EP6: Mnemonics and memorization of study materials.

Hello everyone and welcome back. This is episode six, season one of the Autodidactic Podcast. Today I will to cover the topic of memorisation. Last week I said I would be covering study methods and mnemonics but I’m going to focus only on mnemonics this week since it is quite a big topic. I would also like to say thank you to a listener, Janice who requested I do a show dedicated to mnemonics and memorisation.

Many years ago I read a study which suggested engineers who graduated with a bachelors degree in engineering would have all of there memory outdated in 10 years. All of the knowledge they gain in their university time would have been superseded within 10 years, with new information and new techniques and new materials. Information is growing at such a huge rate in modern times that if you’re not studying every day then you’re not just standing still, you’re actually going backwards.

So why have I put mnemonic tricks ahead of real study methods? Firstly these aren’t tricks, they are methods known to work and proven to work over hundreds of years, and in some cases even centuries. Now rote memorisation gets a bad rap nowadays, but it can come in very handy. For example, you can remember formulas off the top of your head. If you’re learning a foreign language can help you with memorisation of various items like vocabulary retention. If you were learning some mechanical process which required you to remember the sizes of all of the adapter assemblies and they were various sizes from 13 mm to 110mm you could use these techniques to do that.

Lets get into it. Today we’ll discuss Mnemonics techniques. Mnemonics is a word derived from the old Greek Goddess of memory. The systems we’ll talk about today aren’t new. For example, the System of Loci dates back to 500 BC. Mnemonics refer to a technique to improve memory and they can be either visual or verbal. They normally add something to the information to be memorised in order to make it more memorable, so many scientists researching memory call them elaborations.

The first of the three basic mnemonics we’ll talk about it rhyming. You’ll probably know this one from the rhyme beginning “Thirty days has September…” and if you’re like me, “Thirty days has September, and the rest I don’t remember.”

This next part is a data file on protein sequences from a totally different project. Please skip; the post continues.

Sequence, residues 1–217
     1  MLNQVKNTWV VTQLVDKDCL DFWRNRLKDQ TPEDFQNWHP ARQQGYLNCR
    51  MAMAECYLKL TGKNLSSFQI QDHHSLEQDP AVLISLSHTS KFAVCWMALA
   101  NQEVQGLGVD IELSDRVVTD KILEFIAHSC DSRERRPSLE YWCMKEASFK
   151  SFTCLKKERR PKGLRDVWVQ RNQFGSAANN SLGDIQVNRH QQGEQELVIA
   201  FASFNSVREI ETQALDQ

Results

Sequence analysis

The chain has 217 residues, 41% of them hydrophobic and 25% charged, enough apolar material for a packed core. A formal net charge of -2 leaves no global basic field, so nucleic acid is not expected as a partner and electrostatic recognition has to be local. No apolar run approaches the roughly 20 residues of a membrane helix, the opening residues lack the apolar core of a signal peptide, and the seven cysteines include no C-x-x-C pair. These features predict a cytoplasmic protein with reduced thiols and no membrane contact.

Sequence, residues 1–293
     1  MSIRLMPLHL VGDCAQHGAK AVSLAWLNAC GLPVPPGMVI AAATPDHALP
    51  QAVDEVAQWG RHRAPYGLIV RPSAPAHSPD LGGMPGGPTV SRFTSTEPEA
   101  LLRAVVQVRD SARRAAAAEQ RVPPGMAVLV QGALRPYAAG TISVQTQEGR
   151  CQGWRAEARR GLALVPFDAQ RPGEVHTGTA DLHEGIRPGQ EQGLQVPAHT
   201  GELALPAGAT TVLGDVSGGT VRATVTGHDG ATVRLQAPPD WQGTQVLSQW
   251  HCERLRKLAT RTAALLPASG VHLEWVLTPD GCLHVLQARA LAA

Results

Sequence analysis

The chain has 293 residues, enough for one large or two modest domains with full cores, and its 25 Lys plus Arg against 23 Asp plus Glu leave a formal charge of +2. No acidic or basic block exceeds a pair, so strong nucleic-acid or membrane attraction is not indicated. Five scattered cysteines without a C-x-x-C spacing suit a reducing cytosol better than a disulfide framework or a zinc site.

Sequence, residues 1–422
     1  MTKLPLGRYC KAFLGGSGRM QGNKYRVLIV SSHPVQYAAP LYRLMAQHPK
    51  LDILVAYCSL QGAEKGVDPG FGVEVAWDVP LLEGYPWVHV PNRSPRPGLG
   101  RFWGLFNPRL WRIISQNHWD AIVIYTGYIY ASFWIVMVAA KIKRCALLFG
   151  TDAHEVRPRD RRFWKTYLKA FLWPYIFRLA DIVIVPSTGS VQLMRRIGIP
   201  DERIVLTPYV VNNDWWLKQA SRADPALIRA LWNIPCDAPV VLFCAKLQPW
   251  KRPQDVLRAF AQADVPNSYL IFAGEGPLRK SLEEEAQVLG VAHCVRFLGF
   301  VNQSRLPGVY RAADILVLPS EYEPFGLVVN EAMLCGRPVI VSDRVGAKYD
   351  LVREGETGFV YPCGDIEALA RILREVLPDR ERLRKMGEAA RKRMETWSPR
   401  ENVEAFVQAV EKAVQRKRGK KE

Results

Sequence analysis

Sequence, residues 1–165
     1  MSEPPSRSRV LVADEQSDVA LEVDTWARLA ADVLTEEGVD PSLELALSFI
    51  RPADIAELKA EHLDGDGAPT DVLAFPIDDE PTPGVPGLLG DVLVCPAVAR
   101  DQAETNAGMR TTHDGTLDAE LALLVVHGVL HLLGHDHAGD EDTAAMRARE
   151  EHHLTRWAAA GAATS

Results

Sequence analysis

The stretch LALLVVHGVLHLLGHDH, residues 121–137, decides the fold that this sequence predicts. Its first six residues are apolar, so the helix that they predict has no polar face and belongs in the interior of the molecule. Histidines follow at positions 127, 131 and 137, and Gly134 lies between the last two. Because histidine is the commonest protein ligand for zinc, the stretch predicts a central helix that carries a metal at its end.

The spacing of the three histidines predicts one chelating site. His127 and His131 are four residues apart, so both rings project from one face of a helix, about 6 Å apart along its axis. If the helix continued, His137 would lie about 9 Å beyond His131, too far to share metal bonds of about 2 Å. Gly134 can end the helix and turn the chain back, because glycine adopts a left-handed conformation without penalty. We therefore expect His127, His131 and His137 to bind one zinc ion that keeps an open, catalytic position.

This is an example of using a verbal technique to elaborate the memory. But remembering months and the number of days can be done with a visual technique also. If you hold your hands out in front of you and make a fist, the knuckle of the little finger is January, the valley between that and the next knuckle is February and so on. So all the “knuckle months” have 31 days and the rest are short months.

Today I’m going to cover number of mnemonic systems, both visual and verbal. The first two were really easy and straightforward, and the remainder require some actual upfront learning, and can take some preparation before you can actually begin to use.

The first two that we can discuss are easy and anyone can use them. They require no previous knowledge or ability or system.

The first one is simply creating a word from the initial characters of the thing that you want to remember. This is called an acronym. You may or may not know that laser stands for light amplification by stimulated emission of radiation. You can use the word homes to describe the great lakes in the United States. Homes will give you a memory prompt for the names; Lake Huron, Ontario, Michigan, Eire and Superior. There is also Roy G Biv. Which is a prompt for colours of the rainbow.

You can use this type of mnemonic really easily. You just have to take the information and organise it in a way that can come up with a word. When doing this if you come across two issues. The first issue is if it needs to be learned in order then you cannot necessarily use this type of mnemonic, because unless it accidentally becomes a word you can’t rearrange the letters.